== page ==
Preaching to listeners who range from six to 96 can be a challenge. When I mention Archie Bunker or Mary Tyler Moore in a homily, I get blank stares from half the congregation.
And when Father Paul mentions Pokémon Go or Jabba the Hut he gets a blank stare… from me.
But there’s one figure in the entertainment world that almost everyone recognizes—Sherlock Holmes. Since he first appeared in print in 1887, the famous detective has appeared in 260 movies, 25 TV shows, a musical, a ballet, and 600 radio plays. [These numbers, and many other facts in my homily, come from David Gann’s fascinating article “Mysterious Circumstances” in The New Yorker magazine, reprinted in his book The Devil & Sherlock Holmes: Tales of Murder, Madness & Obsession.]
Less well-known is Sherlock’s creator Sir Arthur Conan Doyle, a British doctor. I was reading about him this week and was quite surprised to find he was born a Catholic—both his parents were Catholic, and he received his education from Jesuit schools and colleges.
After medical school, however, he “renounced Catholicism, vowing, ‘Never will I accept anything which cannot be proved to me.’”
That seems a fairly rugged opinion and a pretty serious knock against our faith. But as I continued reading I was even more surprised to find that by the time he died Arthur Conan Doyle had become “the St. Paul of psychics.” Although he had denied the afterlife, he attended séances at which he “claimed to see not only dead family members but fairies as well.”
The ex-Catholic skeptic became living proof of the old saying ‘if you don’t stand for something, you’ll fall for anything.’
I’m talking about this now because our readings at Mass today show the sharp contrast between God’s perfect truth and man’s limited reasoning. In the first reading, the Teacher sets the stage. He says that our labour—even when done wisely and well—can be in vain. It can make us anxious and sleepless, not producing the security we that hard work would give us.
In our second reading, St. Paul goes much further than the author of the Book of Ecclesiastes, spelling out the problem: perfect wisdom is not found on earth but in heaven. As Christians, we’re living a new life and striving for a new goal—not contentment on earth, but glory in heaven. Logically enough, St. Paul explains, if we want to know the path to glory we need to set our minds on heavenly things rather than on the vanities of earthly life.
The Apostle spells this our even more clearly in the Letter to the Romans where he writes “Do not be conformed to this world, but be transformed by the renewing of your minds, so that you may discern what is the will of God—what is good and acceptable and perfect” (Rm 12:2).
Putting the first and second readings together, we see clearly that Christians must think differently about every aspect of their lives, especially their work. The difference is found by seeking God and seeking to know his will and ways.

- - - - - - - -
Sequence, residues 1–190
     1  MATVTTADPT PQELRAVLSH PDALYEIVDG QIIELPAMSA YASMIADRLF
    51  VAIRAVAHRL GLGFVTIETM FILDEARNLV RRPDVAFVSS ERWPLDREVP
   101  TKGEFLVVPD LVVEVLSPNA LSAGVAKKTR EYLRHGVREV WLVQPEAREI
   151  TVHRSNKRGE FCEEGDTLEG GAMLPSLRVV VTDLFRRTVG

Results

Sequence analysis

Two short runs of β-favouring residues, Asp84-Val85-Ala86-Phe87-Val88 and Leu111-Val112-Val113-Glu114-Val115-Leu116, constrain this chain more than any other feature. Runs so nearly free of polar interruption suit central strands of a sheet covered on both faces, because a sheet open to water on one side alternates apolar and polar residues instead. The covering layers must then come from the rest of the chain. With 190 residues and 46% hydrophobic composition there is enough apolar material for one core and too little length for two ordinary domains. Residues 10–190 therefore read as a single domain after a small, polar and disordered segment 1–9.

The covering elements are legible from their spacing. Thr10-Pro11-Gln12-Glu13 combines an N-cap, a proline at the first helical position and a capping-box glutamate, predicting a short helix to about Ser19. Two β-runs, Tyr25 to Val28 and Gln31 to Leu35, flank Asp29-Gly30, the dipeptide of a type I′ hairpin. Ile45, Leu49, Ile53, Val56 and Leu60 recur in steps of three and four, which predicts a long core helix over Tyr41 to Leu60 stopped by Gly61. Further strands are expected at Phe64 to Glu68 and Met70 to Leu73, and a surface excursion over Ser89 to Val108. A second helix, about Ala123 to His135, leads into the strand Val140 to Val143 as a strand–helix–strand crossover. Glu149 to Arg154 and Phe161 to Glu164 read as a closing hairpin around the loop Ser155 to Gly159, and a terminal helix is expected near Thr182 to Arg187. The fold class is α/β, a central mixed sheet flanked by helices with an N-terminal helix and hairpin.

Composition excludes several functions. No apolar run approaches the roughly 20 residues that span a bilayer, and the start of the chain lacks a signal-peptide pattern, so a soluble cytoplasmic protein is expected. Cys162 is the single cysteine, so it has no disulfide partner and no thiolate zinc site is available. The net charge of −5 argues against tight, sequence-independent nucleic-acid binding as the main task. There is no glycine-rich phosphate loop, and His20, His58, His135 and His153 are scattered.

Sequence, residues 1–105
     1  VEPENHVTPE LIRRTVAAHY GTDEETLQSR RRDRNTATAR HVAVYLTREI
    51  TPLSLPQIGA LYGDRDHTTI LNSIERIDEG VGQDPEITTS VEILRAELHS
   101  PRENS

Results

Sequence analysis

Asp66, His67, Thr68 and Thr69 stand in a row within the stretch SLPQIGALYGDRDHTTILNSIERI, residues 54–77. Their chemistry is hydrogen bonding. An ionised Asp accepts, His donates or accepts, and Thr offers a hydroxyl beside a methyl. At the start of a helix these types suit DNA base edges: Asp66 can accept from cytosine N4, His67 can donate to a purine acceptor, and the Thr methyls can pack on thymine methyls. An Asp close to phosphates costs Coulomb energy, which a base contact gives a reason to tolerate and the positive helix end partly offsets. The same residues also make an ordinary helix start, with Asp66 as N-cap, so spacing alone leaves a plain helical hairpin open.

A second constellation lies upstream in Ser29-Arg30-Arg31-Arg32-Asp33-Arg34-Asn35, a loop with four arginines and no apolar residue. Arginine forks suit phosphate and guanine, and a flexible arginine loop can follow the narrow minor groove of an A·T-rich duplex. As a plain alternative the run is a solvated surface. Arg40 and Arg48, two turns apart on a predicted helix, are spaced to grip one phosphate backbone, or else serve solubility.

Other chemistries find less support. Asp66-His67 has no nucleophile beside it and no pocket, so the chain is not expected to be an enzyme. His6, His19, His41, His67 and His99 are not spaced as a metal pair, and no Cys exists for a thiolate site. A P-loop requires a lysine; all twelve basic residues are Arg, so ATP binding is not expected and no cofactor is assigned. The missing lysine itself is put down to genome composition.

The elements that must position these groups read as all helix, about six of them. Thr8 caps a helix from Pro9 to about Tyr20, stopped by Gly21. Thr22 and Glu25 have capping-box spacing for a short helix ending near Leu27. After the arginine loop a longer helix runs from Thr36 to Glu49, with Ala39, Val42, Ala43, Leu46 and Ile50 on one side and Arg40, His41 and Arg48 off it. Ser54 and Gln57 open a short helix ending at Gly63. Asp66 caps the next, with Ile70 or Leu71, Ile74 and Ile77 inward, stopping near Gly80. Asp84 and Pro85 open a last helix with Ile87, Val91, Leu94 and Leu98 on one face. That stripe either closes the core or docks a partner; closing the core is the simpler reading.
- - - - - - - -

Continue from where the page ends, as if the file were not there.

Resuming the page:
But it’s not only work and daily life that demands this effort. Temptations of every kind are another earthly reality that can sour all our hard work.
Resisting or overcoming sin takes a patient effort to see things God’s way. Sure, obeying the commandments is a start, but we want to do more. In St. Paul’s words to the Romans, we need to “put on the Lord Jesus Christ, and make no provision for the flesh, to gratify its desires” (Rm 13:14). Resisting temptation must be our default setting, requiring that we think with Christ and like Christ. We shouldn’t confront temptations unprepared. In Ephesians 6:11, St. Paul say “Put on the whole armour of God, so that you may be able to stand against the wiles of the devil.”
That armour includes “the belt of truth.” We buckle that on by knowing what Scripture says about greed and sexual sin, and by making those teachings a big part of how we view the world and ourselves. No serious Catholic should need to look up Church teaching on these dangerous areas—we should be praying about them all the time, setting our minds “on things that are above,” on the spiritual realities that call us to holiness and happiness.
We not only put on the armour of God: we first strip off the old self and its sinful ways, putting on the new self, which means putting on Christ himself, as St. Paul says. That new self is a new nature renewed in knowledge according to the mind of Christ. In other words, the Christian is to be so identified with Christ that he actually thinks like Christ.
The Gospel today continues the contrast between worldly wisdom and the divine plan. There’s nothing in the parable that suggests the rich man was a terrible person. Maybe he shared some of his great wealth with others. But his perspective was dead wrong. He lived by the old Latin motto “Carpe diem” or “seize the day.”
Jesus tells us that there’s only one day that matters—what Scripture calls the day of the Lord. In his homily on the first Pentecost, St. Peter preaches about “the coming of the Lord’s great and glorious day” when “the sun shall be turned to darkness and the moon to blood” before “everyone who calls on the name of the Lord shall be saved.”
That great and glorious day is the ultimate goal of all that we do—all our work, all our daily efforts to know and do what God desires.
How many of us have spent more time and worry planning our finances than we have deepening our knowledge of God through prayer and the study of Scripture? Today’s a good time to think about that question and to ponder the shortness of life.
As Sherlock Holmes would say, that’s elementary.